As Christians it is our duty to care for the world with which we have been entrusted. It is now clear that our modern, energy-hungry lifestyles are changing the planet for the worse. If we do nothing, simply allowing carbon emissions to continue at current levels, by 2100 the average annual temperature will have risen between 1 and 5°C. There will be 50% less precipitation in the summer months, but 30% more in the winter months. Extreme weather events such as storms and floods will become more common and sea levels could rise by as much as 80cm. Drier summers will increase the risk of wildfires and drought. Stormier winters will increase the risk of wind and flood damage. We must act now to ward off these threats to God’s creation.
What can we do?
Some of the most effective ways to reduce the carbon footprint of your church are also the simplest. Conventional fossil fuel fired power stations emit around 9 000 000 tonnes of carbon each per year in order to satisfy our demand for electricity. Reducing that demand therefore lowers emissions, as well as saving you money. Make sure that your use of energy is as efficient as possible by following these simple steps:
- Heating should be tailored to the nature of the groups using the building rather then set at default levels. Remember that an active group (such as a playgroup) will require less heat than a sedentary one (e.g. a Sunday congregation). Use timer and/or thermostatic controls to prevent overuse.
- Lighting should only be used when it is needed – low tech printed “Switch off” signs by light switches right through to motion activated lighting can help you achieve this. New lighting and heating systems should be sectional, allowing parts of the building currently in use to be lit and heated whilst other areas are not. Where possible install energy saving light bulbs – these can reduce energy consumption by up to 80%.
Combating climate change is about minimising use of all the planet’s resources, not just fossil fuels:
- Reduce water use by using spray fitting taps, dual flush WCs, and harvesting rainwater.
- Make sure products used in the church are recyclable or long life
- Where possible, carry out repairs to the church building in sustainable, environmentally friendly materials, and ensure that additions to the building are “green by design”.
Should we be generating our own power?
Clearly it is impossible to do away with the need for power entirely. It is therefore important that our sources of power are clean and sustainable – that they do not put any additional carbon into the atmosphere. In most cases it will not be possible for churches to generate their own power on site, whether due to the capital costs of such an installation or planning restrictions. For example, the installation costs of systems such as photovoltaic cells are significantly higher than for other renewable energies, with standard installations costing around £15 000. The installation of such cells on historic churches can be detrimental both to the appearance and fabric of the building, and it is important to note that this technology is not carbon neutral due to the amount of energy required to make the cells. For churches that cannot meet such capital costs or that do not have a site suitable for microgeneration, switching to a green energy provider is the best way to ensure that the energy you are using is not harming the planet. For churches that can afford the initial cost or need to replace their current heating systems in the near future, systems such as ground source heat pumps and particularly biomass may be worth investigating as they are particularly well suited to the energy demands of church buildings.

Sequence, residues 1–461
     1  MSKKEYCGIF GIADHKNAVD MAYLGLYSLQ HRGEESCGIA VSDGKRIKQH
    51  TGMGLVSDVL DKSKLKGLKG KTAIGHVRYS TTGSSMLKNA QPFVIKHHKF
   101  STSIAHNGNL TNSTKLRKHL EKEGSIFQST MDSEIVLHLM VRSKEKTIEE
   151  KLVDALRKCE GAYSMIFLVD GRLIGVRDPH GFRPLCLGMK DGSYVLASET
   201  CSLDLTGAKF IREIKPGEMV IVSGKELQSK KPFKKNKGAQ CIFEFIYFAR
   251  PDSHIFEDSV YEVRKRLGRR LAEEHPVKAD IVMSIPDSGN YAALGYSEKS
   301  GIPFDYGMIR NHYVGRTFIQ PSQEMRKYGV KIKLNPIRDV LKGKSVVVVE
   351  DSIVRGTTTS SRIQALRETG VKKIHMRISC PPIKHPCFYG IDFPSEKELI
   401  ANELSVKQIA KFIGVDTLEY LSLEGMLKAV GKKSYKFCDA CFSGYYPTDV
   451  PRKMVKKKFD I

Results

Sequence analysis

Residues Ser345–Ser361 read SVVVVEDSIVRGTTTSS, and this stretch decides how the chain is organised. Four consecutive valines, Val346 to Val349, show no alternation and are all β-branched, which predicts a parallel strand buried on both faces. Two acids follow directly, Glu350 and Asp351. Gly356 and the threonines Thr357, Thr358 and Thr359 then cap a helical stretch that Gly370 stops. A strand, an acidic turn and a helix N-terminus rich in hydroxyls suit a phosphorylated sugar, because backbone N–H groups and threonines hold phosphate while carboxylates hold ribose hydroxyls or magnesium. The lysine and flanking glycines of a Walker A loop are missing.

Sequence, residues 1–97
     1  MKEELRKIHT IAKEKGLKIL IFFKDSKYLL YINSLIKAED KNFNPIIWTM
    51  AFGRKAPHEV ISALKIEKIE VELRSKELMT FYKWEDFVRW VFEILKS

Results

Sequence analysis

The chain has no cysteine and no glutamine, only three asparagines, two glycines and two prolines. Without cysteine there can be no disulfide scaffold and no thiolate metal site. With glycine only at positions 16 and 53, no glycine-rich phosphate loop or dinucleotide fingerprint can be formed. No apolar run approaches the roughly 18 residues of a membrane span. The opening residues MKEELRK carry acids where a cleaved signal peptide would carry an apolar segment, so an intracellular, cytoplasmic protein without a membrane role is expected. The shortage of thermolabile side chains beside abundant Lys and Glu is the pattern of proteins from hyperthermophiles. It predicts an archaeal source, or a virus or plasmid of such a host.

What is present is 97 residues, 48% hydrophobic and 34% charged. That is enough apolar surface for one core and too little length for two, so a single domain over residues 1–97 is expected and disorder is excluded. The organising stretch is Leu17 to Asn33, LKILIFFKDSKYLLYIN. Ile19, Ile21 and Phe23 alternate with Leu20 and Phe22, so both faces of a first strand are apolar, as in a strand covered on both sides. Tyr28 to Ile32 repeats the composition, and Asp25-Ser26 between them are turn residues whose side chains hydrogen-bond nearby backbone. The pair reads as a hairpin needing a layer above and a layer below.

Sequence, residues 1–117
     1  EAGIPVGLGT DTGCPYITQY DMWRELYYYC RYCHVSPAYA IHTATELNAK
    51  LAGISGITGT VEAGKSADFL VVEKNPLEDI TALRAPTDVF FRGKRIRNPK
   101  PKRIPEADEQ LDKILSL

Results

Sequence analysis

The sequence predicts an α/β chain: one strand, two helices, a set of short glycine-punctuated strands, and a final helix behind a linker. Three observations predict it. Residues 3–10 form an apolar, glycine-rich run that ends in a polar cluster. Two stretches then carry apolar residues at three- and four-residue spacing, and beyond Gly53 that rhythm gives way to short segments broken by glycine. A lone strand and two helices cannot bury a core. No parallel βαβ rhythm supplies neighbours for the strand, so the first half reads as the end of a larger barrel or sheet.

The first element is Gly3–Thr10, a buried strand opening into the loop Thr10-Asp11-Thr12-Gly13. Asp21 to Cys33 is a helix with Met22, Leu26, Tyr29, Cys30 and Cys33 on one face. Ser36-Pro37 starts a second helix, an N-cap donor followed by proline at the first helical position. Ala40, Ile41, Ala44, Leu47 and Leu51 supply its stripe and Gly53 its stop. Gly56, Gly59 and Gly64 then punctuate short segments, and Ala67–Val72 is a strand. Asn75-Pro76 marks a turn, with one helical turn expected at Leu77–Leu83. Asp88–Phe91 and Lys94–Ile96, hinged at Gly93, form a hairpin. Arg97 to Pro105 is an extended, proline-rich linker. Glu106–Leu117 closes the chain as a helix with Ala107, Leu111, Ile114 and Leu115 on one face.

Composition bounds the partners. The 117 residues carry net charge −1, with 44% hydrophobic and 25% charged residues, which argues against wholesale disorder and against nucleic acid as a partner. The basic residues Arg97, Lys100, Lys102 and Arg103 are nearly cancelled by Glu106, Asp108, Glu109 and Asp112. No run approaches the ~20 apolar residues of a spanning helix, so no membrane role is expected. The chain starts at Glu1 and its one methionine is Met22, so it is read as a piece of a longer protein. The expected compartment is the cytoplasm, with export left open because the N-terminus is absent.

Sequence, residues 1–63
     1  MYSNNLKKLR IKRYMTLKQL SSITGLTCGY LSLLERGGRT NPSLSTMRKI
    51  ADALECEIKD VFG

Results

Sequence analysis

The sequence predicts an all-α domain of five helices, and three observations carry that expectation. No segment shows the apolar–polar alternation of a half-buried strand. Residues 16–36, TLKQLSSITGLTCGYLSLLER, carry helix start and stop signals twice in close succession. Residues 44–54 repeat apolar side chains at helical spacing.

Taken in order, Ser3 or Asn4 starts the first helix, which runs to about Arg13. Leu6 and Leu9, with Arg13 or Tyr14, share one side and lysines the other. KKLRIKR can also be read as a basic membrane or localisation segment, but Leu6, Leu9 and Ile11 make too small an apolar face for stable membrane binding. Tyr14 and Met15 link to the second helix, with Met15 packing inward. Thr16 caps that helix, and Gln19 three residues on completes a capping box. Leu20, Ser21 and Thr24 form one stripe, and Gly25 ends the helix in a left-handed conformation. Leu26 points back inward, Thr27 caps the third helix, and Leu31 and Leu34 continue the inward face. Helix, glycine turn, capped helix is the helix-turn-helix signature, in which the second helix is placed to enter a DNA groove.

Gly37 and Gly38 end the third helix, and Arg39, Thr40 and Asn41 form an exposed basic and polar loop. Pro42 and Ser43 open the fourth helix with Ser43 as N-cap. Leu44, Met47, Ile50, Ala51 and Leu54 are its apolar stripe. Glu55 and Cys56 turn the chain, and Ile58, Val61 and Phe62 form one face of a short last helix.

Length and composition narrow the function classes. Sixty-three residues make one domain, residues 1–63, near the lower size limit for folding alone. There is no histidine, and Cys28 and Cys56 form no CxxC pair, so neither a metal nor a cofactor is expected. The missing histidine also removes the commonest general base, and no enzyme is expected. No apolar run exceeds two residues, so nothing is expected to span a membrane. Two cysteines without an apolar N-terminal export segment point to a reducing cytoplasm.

There is no “one size fits all” solution for the provision of sustainable energy. The best solutions are tailored to the specific needs and resources of your church.
For further information and guidance on climate change and your church building in the Diocese of Oxford, contact firstname.lastname@example.org or see the following websites:
The Centre for Alternative Technology (www.cat.org.uk) has fact sheets on all the major types of micro-generation, has an online shop selling the parts required, and can offer consultation on individual projects.
The Energy Saving Trust (www.est.org.uk) has information on the different types of renewable energy, as well as on how to use energy more efficiently, and on funding/grants for micro-generation equipment
The Church of England’s Shrinking the Footprint initiative (www.shrinkingthefootprint.cofe.anglican.org) has advice on how to measure the carbon footprint of your church, and how to reduce it.
Eco-congregation (www.ecocongregation.org) has a wealth of practical information on the green management of your church, and on introducing green issues into worship.
Remember that all alterations to the church building that are not covered by de minimis will require the permission of the Chancellor through the usual faculty process. You should contact the office of the DAC Secretary for advice on such alterations.
Natalie Merry is the Secretary to the Diocesan Advisory Committee for the care of churches in the Diocese of Oxford.